Book picks similar to
Funky Business: Talent Makes Capital Dance by Jonas Ridderstråle
The Long Tail: Why the Future of Business is Selling Less of More
Chris Anderson - 2006
The New York Times bestseller that introduced the business world to a future that s already here -- now in paperback with a new chapter about Long Tail Marketing and a new epilogue.Winner of the Gerald Loeb Award for Best Business Book of the Year.In the most important business book since The Tipping Point, Chris Anderson shows how the future of commerce and culture isn t in hits, the high-volume head of a traditional demand curve, but in what used to be regarded as misses -- the endlessly long tail of that same curve.
Business Model Generation
Alexander Osterwalder - 2010
You will learn how to systematically understand, design, and implement a new business model or analyze and renovate an old one.2) Co-created by 470 strategy practitionersBusiness Model Generation practices what it preaches. Co-authored by 470 Business Model Canvas practitioners from 45 countries, the book was financed and produced independently of the traditional publishing industry. It features a tightly-integrated, visual, lie-flat design that enables immediate hands-on use.3) Designed for doersBusiness Model Generation is for those ready to abandon outmoded thinking and embrace new, innovative models of value creation: executives, consultants, entrepreneurs and leaders of all organizations.
The Ten-Day MBA : A Step-By-Step Guide To Mastering The Skills Taught In America's Top Business Schools
Steven Silbiger - 1993
Features chapters on finance, marketing, accounting, strategy, quantitative analysis, operations, economics, organisational behaviour, and ethics, all revised to reflect the contemporary corporate culture and economic climate.
Jack Welch - 2005
Loaded with candid personal anecdotes, hard-hitting advice, and invaluable dos and don’ts, Jack explains his theory of business, by laying out the four most important principles that form the foundation of his success.Chapters include: How to Get Promoted, How to Think about Strategy, How to Write a Budget that Works, How to Work for a Jerk, How Find Work-Life Balance and How Start Something New. Enlivened by quotes from business leaders that Welch interviewed especially for the book, it’s a tour de force that reflects Welch’s mastery of execution, excellence and leadership.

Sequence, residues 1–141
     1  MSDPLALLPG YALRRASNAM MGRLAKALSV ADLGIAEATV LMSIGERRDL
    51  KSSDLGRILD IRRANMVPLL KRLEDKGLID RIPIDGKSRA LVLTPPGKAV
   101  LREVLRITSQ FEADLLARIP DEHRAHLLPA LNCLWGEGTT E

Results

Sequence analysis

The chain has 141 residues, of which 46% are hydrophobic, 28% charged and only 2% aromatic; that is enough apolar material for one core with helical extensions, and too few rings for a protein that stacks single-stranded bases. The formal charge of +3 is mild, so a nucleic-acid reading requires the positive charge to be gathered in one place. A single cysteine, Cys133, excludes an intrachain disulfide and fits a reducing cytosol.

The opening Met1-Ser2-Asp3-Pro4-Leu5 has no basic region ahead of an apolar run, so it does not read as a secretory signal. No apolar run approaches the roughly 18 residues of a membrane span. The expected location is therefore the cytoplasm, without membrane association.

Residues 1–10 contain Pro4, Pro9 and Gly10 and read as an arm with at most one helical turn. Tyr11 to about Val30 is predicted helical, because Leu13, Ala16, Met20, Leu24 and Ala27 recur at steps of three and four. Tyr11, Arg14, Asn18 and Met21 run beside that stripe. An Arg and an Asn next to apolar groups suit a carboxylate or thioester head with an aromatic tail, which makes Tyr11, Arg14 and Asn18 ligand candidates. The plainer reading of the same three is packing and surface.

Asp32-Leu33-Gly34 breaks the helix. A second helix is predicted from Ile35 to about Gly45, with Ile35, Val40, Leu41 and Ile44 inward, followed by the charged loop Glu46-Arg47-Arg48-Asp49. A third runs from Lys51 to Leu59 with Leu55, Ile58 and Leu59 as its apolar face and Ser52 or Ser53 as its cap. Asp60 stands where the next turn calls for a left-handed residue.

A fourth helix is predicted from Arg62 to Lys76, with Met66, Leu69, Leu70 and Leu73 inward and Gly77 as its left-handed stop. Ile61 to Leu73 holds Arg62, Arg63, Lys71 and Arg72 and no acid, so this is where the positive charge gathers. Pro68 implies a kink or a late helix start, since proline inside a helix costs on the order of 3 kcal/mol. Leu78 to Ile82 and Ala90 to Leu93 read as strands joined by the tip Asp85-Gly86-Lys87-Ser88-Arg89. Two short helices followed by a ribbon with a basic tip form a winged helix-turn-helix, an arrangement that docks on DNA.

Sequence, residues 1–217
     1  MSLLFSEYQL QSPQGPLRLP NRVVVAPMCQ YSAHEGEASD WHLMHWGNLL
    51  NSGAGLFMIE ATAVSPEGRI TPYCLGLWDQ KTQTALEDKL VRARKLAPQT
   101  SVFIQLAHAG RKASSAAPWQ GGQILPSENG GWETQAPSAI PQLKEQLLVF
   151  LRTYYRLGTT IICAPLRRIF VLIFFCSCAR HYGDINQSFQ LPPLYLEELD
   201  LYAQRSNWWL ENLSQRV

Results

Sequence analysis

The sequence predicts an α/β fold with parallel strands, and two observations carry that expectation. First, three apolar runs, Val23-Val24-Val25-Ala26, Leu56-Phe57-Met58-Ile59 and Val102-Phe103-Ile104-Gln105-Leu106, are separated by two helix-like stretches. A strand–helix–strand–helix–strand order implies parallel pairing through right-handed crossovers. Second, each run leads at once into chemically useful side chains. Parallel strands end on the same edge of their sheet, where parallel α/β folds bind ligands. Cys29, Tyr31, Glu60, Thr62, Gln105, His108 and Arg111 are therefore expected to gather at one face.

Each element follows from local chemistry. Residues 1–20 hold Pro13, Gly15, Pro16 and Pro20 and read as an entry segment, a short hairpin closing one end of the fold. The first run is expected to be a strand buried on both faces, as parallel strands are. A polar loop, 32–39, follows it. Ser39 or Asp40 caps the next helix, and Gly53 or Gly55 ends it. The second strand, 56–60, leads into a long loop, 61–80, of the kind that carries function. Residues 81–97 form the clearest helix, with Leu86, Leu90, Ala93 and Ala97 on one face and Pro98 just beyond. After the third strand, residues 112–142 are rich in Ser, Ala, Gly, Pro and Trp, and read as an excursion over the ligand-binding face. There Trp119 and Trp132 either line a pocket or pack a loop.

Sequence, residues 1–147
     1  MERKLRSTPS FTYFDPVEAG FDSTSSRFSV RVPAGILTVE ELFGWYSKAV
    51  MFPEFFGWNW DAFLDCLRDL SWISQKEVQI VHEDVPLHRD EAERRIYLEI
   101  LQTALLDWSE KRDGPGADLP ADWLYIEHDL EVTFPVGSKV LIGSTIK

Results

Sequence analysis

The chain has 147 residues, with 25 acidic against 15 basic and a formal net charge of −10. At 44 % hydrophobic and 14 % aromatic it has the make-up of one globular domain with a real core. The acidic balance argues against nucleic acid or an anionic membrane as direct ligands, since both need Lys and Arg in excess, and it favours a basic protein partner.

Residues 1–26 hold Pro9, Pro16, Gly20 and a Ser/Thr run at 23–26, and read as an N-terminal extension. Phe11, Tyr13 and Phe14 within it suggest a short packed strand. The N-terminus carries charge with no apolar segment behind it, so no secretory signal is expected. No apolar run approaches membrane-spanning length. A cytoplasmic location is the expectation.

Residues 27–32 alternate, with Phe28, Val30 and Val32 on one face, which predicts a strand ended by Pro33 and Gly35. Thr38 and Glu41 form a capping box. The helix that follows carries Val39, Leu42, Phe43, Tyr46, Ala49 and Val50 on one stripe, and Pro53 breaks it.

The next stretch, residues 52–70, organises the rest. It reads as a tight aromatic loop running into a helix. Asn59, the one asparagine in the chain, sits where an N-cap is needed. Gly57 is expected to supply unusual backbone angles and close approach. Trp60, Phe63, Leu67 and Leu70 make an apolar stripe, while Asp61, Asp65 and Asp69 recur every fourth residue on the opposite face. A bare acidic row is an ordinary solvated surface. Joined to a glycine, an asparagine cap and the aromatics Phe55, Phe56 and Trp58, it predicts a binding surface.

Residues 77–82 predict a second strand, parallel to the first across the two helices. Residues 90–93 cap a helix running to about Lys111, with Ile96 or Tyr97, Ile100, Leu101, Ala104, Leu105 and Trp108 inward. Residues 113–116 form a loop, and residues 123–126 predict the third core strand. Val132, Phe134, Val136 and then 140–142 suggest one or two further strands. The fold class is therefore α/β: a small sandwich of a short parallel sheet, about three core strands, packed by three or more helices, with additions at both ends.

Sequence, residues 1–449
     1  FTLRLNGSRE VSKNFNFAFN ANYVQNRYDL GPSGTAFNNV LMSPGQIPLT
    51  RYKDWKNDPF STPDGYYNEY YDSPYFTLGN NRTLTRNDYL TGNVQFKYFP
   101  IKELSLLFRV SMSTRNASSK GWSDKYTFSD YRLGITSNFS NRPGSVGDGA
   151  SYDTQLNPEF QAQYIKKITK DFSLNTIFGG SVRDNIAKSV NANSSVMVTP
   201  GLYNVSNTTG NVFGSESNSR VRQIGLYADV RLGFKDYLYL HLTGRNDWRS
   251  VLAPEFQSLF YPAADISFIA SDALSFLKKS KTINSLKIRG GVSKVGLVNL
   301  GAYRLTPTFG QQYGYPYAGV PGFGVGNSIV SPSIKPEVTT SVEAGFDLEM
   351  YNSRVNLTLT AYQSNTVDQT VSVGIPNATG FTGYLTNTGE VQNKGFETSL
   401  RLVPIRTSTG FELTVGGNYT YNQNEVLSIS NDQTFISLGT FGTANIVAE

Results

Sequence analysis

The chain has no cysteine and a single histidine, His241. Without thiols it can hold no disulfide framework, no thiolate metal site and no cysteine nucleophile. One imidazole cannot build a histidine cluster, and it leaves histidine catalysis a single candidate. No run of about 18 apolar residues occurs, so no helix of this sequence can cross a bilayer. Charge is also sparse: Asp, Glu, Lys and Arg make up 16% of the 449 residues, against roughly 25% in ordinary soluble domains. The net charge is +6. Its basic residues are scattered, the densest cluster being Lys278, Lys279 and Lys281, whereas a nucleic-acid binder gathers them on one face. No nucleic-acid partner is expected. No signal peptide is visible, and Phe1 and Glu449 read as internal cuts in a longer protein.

Wikinomics: How Mass Collaboration Changes Everything
Don Tapscott - 2006
Today, encyclopedias, jetliners, operating systems, mutual funds, and many other items are being created by teams numbering in the thousands or even millions. While some leaders fear the heaving growth of these massive online communities, Wikinomics proves this fear is folly. Smart firms can harness collective capability and genius to spur innovation, growth, and success. A brilliant guide to one of the most profound changes of our time, Wikinomics challenges our most deeply-rooted assumptions about business and will prove indispensable to anyone who wants to understand competitiveness in the twenty-first century. Based on a $9 million research project led by bestselling author Don Tapscott, Wikinomics shows how masses of people can participate in the economy like never before. They are creating TV news stories, sequencing the human genome, remixing their favorite music, designing software, finding a cure for disease, editing school texts, inventing new cosmetics, or even building motorcycles. You'll read about: • Rob McEwen, the Goldcorp, Inc. CEO who used open source tactics and an online competition to save his company and breathe new life into an old-fashioned industry. • Flickr, Second Life, YouTube, and other thriving online communities that transcend social networking to pioneer a new form of collaborative production. • Mature companies like Procter & Gamble that cultivate nimble, trust-based relationships with external collaborators to form vibrant business ecosystems. An important look into the future, Wikinomics will be your road map for doing business in the twenty-first century.
Good to Great: Why Some Companies Make the Leap... and Others Don't
James C. Collins - 2001